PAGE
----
Don’t get me wrong, you may have experienced horrible things – bullying, chronic illness, violence and complete and utter tragedies. In those times it’s completely normal and natural to feel like you are a victim, that the world is against you, that you have no friends and no support. You are human if you are reading this so remember you are working with a brain that is designed to have a negative bias. Survival matters and is our brain’s primary goal. So when you are the brunt of attack of course you are going to retreat and metaphorically lick your wounds.
There are times you have been a victim perhaps as well – and in no way am I negating or minimizing those experiences at school, home or work. But in our animal sports world – you have control and you have power. Sometimes seeing that is difficult and sometimes using it is even harder.
When you are down it is completely reasonable to pull up the drawbridge, pull the covers over your head and feel sorry for yourself. If you can kick into Tend and Befriend mode that would be awesome and likely helpful both to you and those around you – who I will sincerely hope are busy activating their own tend and befriend response and supporting you. If you need to take time and space and make changes to recover? I’ll stand right behind you and support you.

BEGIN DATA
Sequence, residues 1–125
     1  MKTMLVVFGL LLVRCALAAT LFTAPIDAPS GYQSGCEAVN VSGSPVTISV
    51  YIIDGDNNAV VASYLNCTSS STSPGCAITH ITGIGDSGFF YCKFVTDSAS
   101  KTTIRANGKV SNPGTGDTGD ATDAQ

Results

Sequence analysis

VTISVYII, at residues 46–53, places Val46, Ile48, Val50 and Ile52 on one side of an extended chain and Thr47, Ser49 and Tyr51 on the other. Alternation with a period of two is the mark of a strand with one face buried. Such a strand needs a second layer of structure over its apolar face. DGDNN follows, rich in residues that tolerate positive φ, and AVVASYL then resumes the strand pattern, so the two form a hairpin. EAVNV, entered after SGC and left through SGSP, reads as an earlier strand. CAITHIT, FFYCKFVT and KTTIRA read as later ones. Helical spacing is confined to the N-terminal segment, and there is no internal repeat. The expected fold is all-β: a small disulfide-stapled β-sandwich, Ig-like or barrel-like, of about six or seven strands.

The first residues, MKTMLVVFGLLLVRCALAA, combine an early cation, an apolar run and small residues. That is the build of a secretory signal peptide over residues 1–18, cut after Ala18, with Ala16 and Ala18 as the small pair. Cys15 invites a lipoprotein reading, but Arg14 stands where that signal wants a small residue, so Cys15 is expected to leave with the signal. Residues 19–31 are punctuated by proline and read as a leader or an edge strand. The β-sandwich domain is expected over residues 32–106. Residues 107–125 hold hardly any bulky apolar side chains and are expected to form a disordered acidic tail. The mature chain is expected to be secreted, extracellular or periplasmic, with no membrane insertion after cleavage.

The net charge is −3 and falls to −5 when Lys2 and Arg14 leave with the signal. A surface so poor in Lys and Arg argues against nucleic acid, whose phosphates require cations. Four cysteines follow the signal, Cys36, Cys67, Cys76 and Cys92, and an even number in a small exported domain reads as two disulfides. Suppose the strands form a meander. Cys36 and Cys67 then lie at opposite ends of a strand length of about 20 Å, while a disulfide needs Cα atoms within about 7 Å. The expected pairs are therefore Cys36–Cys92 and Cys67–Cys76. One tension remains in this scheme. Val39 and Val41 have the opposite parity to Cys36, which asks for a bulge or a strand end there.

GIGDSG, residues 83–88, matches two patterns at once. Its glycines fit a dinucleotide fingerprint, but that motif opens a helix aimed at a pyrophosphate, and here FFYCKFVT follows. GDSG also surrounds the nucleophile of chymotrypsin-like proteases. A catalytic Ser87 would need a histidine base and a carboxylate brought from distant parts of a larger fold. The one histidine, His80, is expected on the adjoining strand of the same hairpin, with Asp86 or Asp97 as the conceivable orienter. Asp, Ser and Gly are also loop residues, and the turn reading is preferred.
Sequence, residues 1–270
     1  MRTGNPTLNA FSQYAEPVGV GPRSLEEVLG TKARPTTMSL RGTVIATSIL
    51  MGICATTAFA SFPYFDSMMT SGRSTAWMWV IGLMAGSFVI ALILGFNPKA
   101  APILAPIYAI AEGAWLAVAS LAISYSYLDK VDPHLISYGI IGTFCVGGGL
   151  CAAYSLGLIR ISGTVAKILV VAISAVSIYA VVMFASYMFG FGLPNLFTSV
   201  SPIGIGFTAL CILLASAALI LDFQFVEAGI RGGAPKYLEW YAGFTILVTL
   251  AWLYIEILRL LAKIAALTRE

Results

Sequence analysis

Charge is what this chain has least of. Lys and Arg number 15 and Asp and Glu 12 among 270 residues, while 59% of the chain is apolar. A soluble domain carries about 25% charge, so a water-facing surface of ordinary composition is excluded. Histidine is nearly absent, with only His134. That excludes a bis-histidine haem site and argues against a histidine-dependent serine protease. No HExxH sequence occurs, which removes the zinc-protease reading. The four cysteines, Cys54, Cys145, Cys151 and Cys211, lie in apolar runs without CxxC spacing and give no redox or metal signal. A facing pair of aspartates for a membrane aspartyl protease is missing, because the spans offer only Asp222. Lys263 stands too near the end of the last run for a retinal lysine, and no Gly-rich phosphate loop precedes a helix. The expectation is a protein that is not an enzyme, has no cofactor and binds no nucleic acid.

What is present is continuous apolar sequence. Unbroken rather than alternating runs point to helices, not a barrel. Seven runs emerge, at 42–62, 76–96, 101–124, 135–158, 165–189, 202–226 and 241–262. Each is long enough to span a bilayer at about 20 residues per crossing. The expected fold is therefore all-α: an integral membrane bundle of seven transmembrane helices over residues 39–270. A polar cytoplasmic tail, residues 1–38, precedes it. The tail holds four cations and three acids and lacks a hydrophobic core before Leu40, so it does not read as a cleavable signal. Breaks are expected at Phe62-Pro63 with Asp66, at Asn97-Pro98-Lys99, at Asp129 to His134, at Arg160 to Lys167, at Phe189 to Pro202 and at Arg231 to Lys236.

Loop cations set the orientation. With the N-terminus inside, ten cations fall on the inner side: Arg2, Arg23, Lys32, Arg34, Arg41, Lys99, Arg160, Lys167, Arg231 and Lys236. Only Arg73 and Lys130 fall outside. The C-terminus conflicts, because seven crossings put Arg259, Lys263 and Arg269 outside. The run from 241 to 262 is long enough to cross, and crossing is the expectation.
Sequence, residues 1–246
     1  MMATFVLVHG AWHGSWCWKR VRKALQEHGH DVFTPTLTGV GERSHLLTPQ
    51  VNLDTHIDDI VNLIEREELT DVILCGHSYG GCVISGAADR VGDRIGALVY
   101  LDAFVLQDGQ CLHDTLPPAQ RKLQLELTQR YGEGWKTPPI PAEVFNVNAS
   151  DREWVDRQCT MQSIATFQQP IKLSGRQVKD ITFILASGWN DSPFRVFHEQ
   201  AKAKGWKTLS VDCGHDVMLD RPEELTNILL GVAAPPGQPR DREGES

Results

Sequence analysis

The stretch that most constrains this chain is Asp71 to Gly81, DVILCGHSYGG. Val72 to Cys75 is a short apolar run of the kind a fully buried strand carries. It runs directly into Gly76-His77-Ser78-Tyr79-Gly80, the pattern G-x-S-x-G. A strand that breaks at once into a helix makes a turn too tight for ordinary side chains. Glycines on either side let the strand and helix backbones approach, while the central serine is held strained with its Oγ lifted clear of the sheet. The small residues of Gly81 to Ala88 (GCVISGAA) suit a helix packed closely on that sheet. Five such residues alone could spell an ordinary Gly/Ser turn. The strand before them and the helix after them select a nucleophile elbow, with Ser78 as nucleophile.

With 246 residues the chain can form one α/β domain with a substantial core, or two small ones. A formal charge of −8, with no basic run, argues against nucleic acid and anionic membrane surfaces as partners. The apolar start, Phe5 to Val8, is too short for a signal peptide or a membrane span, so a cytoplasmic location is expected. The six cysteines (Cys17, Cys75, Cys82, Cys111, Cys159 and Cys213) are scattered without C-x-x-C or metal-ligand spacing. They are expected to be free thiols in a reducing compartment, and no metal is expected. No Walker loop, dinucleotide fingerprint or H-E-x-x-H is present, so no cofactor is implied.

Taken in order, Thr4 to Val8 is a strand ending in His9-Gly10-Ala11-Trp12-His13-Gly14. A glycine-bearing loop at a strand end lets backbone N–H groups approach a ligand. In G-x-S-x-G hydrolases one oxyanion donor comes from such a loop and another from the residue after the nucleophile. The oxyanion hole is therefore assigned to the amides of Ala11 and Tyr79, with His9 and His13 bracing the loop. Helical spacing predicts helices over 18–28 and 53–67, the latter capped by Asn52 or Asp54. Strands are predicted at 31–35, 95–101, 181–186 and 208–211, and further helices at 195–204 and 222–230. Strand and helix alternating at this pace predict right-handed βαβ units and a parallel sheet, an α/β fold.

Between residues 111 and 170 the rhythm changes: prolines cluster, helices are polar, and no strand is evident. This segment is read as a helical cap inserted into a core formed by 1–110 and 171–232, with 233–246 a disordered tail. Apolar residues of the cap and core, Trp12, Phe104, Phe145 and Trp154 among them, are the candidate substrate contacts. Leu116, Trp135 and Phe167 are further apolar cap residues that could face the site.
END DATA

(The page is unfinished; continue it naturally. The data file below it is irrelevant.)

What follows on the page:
That said …
DO NOT PLAY A VICTIM CARD
When things go wrong, instead
- Review the events, what happened? What was your role in the occurance? I do not mean assign fault or blame. That’s not helpful. But instead think through the events. How can you advocate for yourself or your partnership better? Maybe parking further away, or getting a corner spot to crate out of will help limit comments made. It’s GOOD to collect information if we are going to use it.
- If you made a mistake, and humans make plenty of errors, it’s ok to apologize in fact it may help you more than others. Now if you are going to apologize and own something – practice. Apologies are really easy to get wrong – “I’m sorry you feel that way” is not an apology. Nor is “I am sorry you were upset.”
- If the people who caused you this hurt are toxic you likely want to take steps towards cutting them out of your life or at least minimizing their impact on you. Let’s discuss this one a little more with an example. If you are trialling in a sport that has some very competitive and very critical people running the venue and attending the events you have some tough choices to make. Do you want to stay in that sport? Do you want to attend at that venue? Can you find a way to build your resilience for that situation to help you navigate your (understandable and expected) stress on trial day? Can you build an automatic comment bank for any unwanted or unkind comments that find you? (“That’s interesting” is one of my personal favs).